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		DO Version 1 -- June 2, 1978

1.0 Description

DO is a utility which excutes standard TOPS-20 batch control files on 
a local terminal.  It is a tool which allows the programmer to execute
his control file on-line where he can watch it, or debug it by pausing
and continuing execution, or aborting it.

1.1 How to Use

To execute a batch control file, type "DO file.ctl" when at system command
level.  If the control file is correct, you need do nothing more than
watch it execute at your terminal.  All labels, comments and batch commands
are typed on your terminal as they are executed, so you can follow the
progress of your job.  All of the output you see on your terminal is
also placed in a log file which has the same name as your control file,
but has the file type ".LOG".

1.2 Control File Standard

The format of the batch control file is based on the standard described
in the "Batch Reference Manual".  All exceptions are noted in this help
file.  No switches are supported in the "DO" command, although the
implementation of the /TAG: switch is planned.

2.0 Debugging

2.1 Control-B  (Break)

Four control characters are used to provide interactive communication
with the batch job.  Control-B is used to break execution.  This means
that when a control-B is typed, no further commands will be typed on
your terminal.  The current program will continue running until it asks
for input from the terminal or exits.  Then "[DO: Break]" is typed on
your terminal, and you may type anything you wish to determine program
or job status.  You may PUSH and run another program, doing a POP to
resume the correct process.  You may even type control-C to stop a running
program, and later do a CONTINUE.  In short, you have all of TOPS-20 at your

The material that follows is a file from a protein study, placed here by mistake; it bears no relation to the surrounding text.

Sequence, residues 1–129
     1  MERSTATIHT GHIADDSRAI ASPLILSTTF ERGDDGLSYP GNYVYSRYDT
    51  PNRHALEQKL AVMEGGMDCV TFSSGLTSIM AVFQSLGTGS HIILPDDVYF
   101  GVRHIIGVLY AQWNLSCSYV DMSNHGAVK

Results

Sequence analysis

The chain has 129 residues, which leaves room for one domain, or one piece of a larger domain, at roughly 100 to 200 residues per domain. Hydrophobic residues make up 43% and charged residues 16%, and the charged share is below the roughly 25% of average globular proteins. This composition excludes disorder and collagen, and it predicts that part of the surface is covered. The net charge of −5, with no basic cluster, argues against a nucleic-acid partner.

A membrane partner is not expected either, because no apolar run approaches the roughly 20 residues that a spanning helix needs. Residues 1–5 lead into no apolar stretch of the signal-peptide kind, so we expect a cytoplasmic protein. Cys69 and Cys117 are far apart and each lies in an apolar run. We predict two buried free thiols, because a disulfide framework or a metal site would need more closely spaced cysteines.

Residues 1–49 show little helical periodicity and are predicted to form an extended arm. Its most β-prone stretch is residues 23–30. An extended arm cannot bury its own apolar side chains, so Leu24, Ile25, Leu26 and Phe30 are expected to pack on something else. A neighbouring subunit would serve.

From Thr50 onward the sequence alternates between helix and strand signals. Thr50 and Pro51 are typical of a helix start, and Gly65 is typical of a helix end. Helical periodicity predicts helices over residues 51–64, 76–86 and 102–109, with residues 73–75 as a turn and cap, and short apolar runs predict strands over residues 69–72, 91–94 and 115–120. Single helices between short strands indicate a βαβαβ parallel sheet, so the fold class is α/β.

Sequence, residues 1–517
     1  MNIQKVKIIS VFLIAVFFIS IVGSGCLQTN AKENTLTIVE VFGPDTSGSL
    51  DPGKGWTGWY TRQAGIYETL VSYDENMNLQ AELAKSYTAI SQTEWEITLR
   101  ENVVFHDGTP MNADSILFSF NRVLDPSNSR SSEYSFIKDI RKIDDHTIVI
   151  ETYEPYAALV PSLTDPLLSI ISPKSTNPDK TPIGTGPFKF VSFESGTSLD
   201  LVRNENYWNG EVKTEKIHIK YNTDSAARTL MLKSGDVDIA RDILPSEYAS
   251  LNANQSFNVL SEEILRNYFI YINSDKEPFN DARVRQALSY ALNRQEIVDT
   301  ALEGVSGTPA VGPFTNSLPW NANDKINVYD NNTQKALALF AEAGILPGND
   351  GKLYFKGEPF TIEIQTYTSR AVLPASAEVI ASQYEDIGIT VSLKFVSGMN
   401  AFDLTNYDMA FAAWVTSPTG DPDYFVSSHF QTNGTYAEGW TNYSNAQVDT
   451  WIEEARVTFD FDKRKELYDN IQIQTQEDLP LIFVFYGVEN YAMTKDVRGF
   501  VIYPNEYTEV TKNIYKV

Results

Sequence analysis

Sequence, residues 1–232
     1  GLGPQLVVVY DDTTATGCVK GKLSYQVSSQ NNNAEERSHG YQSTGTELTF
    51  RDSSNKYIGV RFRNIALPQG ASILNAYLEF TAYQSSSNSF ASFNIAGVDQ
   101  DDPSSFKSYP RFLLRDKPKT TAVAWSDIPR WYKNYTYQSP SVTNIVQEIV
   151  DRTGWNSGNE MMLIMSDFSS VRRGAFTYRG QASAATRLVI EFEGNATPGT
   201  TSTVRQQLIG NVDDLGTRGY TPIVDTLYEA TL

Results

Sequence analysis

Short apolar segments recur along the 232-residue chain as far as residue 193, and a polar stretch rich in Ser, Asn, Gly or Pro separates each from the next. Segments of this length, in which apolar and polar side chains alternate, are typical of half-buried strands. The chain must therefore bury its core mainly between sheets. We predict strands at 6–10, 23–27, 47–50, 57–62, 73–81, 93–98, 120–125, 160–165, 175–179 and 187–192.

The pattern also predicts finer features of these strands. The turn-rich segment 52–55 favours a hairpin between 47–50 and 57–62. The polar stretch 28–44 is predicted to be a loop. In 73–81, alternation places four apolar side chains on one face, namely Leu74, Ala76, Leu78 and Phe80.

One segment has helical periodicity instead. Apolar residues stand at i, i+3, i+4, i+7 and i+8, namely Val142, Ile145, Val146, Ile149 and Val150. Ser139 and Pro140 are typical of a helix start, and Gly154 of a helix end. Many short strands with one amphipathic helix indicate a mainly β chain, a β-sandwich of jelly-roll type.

2.2 Control-X  (Single-Step Execute)

Control-X instructs DO to execute the next line in the control file
and then pause.  It has no effect unless execution has already been
broken with the control-B character.

2.3 Control-P  (Proceed)

Control-P instructs DO to continue sending commands to the terminal,
i.e. undoes the effect of a control-B.  "[DO: Proceeding]" is
displayed on the terminal if execution had been broken.  One word
of caution: if, during the time that execution had been broken, any
command is typed which produces a question mark in the first column
of output, or any command which produces an error character defined
by an @ERROR batch command, DO will assume that an error has occurred.
It will then look for error recovery in the control file through an
@IF command, or through the use of the %ERR:: label.  These recovery
procedures will not take place until after the control-P is typed.

2.4 Control-A  (Abort)

Control-A instructs DO to abort the execution of the current batch
control file.  DO halts the current program, types an abort message,
and closes the log file, leaving you at system command level.

3.0 Batch Command Differences

The following is a list of the recognized batch commands, and the
actions taken when such commands are recognized in the control file.

	BACKTO label	same as batch standard
	CHKPNT label	ignored
	ERROR c		same as batch standard
	GOTO label	same as batch standard
	IF (condition)	same as batch standard
	MESSAGE		ignored
	NOERROR		same as batch standard
	NOOPERATOR	same as batch standard (see OPERATOR)
	OPERATOR c	upon reception of the OPERATOR character,
			 DO will issue a break.  Type ^P to proceed.
	PLEASE line	communication with the operator via OPLEAS
			 instead of BATCON
	REQUEUE		performs an abort
	REVIVE		resumes logging to log file
	SILENCE		stops logging to log file

4.0 System Compatibility

DO is largely compatible with the TOPS20 system.  In most cases, no
considerations at all will be necessary to execute standard batch
control files.  The exceptions are noted here.

4.1 Terminal linking

DO must preserve terminal links between the job's controlling terminal
and two pseudo-teletypes.  Therefore, the user may link to at most
two other terminals, since TOPS-20 allows each terminal to link to
at most four others.  Also, the user must not issue a BREAK command.
If he does, there will be two consequences:  first, from that point
forward, all information will not be logged to the log file.  Secondly,
no error checking, error recovery, or user communication via the
@OPERATOR batch command will be successful.

4.2 Self Compatibility

DO cannot be nested.  Any attempts to "DO" a batch command file
within a batch command file will meet with failure, as both DO
programs will be attempting to feed commands to the same terminal.
A future version of DO may allow nesting.